Spanish Old Master Drawings

Allegorical Scene (Victory or Saint Barbara?)

Vicente Carducho

(Florence, 1576/1578-Madrid, 1638)

  • Chalk, ink and wash with touches of white lead on paper
  • 200 x 165 mm
  • SOLD

This second drawing by Vicente Carducho has a complex iconography and various suggestions have been made as to its subject. In the centre of the composition a female figure holding a palm emerges forcefully onto the composition surrounded by what appear to be flashes of light. The power of these flashes has the effect of blinding the soldiers on either side of her, some of whom fall back while others fall to the ground. At the upper left is a lightly drawn horse supporting an architectural construction that may be a tower or custodium for the Host. Finally, the scene is completed at the top with a small angel descending from the upper right to crown the female figure with a wreath of olive or laurel.

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The presence of elements such as the palm, the angel with the wreath and the tower suggest that this may be a somewhat theatrical depiction of Saint Barbara. This saint, daughter of the satrap or Persian provincial ruler Dioscuros, was locked up by her father in a tower to prevent her from converting to Christianity. Barbara asked for three windows to be opened in the tower, symbolizing the Trinity. When her father heard of this he had her martyred, killing her on a mountain. Immediately after his daughter’s death Dioscuros was struck by a ray of lightening and died. This may be the moment depicted in the drawing; in the centre is Saint Barbara with her martyr’s palm, crowned by an angel as she appears among the soldiers who are literally stunned by the brilliance of her presence. The tower could thus refer to the place in which the saint was imprisoned and is an element commonly found in depictions of this figure.

Alternatively, a second interpretation may be possible. In his Iconology (Rome, 1593), Cesare Ripa describes Victory as a woman “without wings, with a palm and laurel wreath.” 1 These same elements are also born by Peace, who, according to Ripa, can be depicted with an olive wreath symbolising “the pacification and reduction of angry sentiments.” 2

From a technical viewpoint, the drawing can be firmly attributed to Vicente Carducho. The rapid line with which the figures are created, the sepia washes and highly characteristic manner of applying the white lead with very thick brushstrokes are all unmistakable. The drawing need only be compared with others by the artist such as Saint Gregory the Great (Madrid, Museo Nacional del Prado, inv. D-83), or the Communion of a Nun Saint (Madrid, Museo Nacional del Prado, inv. D-91), which are clearly by the same hand. The dazzling apparition of the saint can also be compared with Saint Bruno appearing to Rogerio Guiscardo, Duke of Calabria (Madrid, Biblioteca Nacional, inv. Dib/16/35/3), which is conceived in a notably similar manner through the use of powerful strokes of white lead. 3 The airy female figure, be it Saint Barbara, Victory, or Peace, can be seen in other compositions by Carducho such as the illustration to the Fifth Dialogue in his Diálogos de la Pintura (Madrid, 1633). 4 The stylised nature of that figure, with her rounded stomach, vaporous clothing and ribbons that tie up her hair and whirl around her in the wind are elements found in both depictions.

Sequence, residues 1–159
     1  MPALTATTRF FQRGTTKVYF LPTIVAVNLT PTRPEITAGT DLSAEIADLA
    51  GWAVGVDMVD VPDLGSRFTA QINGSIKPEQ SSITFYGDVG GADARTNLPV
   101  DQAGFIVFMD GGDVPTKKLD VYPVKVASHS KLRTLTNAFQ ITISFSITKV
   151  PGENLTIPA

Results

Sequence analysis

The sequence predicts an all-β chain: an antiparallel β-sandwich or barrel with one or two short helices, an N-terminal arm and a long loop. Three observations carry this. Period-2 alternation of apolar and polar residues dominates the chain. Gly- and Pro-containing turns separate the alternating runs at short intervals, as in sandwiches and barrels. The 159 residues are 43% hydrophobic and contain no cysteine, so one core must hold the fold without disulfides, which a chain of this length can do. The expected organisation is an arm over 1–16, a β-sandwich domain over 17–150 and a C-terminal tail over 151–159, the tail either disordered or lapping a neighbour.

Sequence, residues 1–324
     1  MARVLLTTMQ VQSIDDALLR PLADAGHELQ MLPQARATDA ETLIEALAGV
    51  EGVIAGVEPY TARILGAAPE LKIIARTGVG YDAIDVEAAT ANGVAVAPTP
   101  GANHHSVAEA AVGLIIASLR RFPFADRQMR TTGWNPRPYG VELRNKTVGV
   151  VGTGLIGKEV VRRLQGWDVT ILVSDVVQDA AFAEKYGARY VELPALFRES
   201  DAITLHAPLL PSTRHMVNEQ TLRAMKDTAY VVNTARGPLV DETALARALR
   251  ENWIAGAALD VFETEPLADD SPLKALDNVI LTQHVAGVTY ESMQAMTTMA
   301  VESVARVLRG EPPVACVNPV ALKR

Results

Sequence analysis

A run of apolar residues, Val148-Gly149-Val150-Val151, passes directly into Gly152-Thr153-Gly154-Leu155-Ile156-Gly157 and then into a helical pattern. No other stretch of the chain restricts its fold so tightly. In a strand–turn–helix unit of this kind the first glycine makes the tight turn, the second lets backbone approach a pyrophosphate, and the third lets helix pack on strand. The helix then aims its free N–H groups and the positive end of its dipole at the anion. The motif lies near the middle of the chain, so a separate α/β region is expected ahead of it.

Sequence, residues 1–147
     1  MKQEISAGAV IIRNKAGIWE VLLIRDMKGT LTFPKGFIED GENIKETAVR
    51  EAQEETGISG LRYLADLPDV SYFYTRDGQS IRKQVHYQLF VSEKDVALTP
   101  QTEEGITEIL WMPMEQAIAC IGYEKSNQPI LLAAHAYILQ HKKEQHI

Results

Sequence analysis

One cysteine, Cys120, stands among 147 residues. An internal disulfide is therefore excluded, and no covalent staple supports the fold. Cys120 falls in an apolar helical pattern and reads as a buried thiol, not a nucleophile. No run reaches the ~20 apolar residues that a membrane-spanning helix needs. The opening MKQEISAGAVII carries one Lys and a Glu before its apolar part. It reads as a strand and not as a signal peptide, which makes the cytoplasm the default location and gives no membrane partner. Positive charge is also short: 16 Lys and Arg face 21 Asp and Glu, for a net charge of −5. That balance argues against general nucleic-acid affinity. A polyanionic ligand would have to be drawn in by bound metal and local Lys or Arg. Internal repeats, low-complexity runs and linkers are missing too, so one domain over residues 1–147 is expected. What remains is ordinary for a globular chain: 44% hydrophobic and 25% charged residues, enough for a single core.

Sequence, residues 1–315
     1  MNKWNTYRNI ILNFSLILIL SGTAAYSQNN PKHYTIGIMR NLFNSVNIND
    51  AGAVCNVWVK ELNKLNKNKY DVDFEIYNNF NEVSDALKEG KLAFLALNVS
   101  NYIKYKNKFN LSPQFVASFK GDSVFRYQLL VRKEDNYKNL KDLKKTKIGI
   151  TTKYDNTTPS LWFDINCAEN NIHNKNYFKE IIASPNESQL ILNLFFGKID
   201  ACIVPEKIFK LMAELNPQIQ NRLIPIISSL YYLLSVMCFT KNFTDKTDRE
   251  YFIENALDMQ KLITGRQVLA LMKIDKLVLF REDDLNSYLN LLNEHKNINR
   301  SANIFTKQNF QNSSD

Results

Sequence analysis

Finally, reference should be made to some possible sources used by the artist when devising this composition. The female type is notably comparable to one found in prints by Goltzius, Saenredam and Matham, and is also to be seen in the illustrations of allegorical figures accompanying Ripa’s text. The overall conception of the subject would seem to be taken directly from The Resurrection of Christ by Cornelis Cort (1569), while the small angel with the wreath is a literal copy of the one in an engraving of Hope by Jan Saenredam.

[1] Ripa, Cesare, Iconologia. Rome, 1593 [Madrid, Akal, 1987], vol. II, p. 401.

[2] Ripa, Cesare, Iconologia. Rome, 1593 [Madrid, Akal, 1987], vol. II, p. 183.

[3] These drawings are illustrated and described in Angulo, Diego and Pérez Sánchez, Alfonso E., A Corpus of Spanish Drawings. Madrid School 1600 to 1650. London, Harvey Miller, 1977.

[4] Carducho, Vicente, Diálogos de la Pintura. Madrid, 1633 [Francisco Calvo Serraller, Turner, 1979], p. 215.